Discrimination comes in many forms and degrees. I have suffered discriminatory treatment for years without even knowing it until I became aware of the situation. Subtle discrimination is the most dangerous form, for it does not only affect or hurt the physical and social environment of an individual but it also attack the mental state of the person in terms of self-esteem that at the end the victim may even feel that it is their fault, they did not work hard enough, good enough or paid more attention. The struggle for equal rewards and treatment required Asian American to work harder, put more time and sacrifices for equivalent treatment. This situation is now being seen in our children and young adults in their college admissions, where although in number Asians are a minority, our children are not considered a minority and worst they are not even considered equal to a majority. Our children are fighting our battles while we sit and do nothing and endure subtle discriminatory actions in our daily lives. In discrimination we will find that education alone and hard work is not sufficient for our dreams to become a reality. To eliminate discrimination, the first step is to promote awareness to our fellow Asian Americans. To make our fellow Americans realize that it can happen to them and their love ones. For the silent victims, whether the damage is small or serious, they need to realize that they are not alone and if they are afraid to fight alone then we can do it together through this case. We need to give a message that we care for the victims as well for whatever happen to one person affects us in this society.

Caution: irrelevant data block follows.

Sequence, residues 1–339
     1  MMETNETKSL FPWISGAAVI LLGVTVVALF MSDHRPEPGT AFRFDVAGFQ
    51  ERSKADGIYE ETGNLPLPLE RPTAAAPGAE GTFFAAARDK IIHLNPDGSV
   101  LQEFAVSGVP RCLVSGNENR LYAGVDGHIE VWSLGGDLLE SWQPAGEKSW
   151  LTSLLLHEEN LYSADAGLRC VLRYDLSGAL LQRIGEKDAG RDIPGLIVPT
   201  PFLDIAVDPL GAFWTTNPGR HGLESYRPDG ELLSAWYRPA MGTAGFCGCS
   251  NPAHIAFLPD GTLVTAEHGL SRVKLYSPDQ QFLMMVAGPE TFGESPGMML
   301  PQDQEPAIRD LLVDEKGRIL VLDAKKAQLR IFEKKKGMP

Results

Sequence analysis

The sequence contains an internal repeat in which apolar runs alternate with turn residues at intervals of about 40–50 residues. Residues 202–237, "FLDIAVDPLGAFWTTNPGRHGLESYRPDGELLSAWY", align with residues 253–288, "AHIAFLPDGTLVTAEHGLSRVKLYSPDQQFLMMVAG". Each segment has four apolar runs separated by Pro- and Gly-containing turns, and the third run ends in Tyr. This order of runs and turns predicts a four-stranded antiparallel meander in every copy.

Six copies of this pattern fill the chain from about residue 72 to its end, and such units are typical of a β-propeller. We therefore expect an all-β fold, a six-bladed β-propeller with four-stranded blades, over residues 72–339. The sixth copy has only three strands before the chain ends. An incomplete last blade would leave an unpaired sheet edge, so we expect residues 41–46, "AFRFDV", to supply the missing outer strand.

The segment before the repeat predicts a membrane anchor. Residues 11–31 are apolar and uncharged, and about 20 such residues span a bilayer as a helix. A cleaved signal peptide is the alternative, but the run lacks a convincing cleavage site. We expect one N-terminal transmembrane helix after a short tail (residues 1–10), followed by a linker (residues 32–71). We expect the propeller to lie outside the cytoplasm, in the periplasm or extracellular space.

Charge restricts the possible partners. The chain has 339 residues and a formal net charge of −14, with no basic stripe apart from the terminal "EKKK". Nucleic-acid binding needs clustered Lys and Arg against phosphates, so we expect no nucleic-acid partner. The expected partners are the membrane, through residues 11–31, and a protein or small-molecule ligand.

In our recent events of school massacre and racial slurs, we learned that we should focus on the victims and not on the perpetrator of the crime. Publicity focused on the perpetrator of the crime just promotes their objectives of recognition. This approach will encourage more media-hungry people to commit such crime to this group. While focusing on the victims will make people realize the dreadful effect of such action and is a more effective way of preventing these actions. Like any cancer in the society, lack of action on our part now will result in a society where our children will be taxed to their limit and their needs remain invisible in this society. As a citizen of this country and a parent, it is our right and responsibility to shape the future of this nation to be a better place for our children.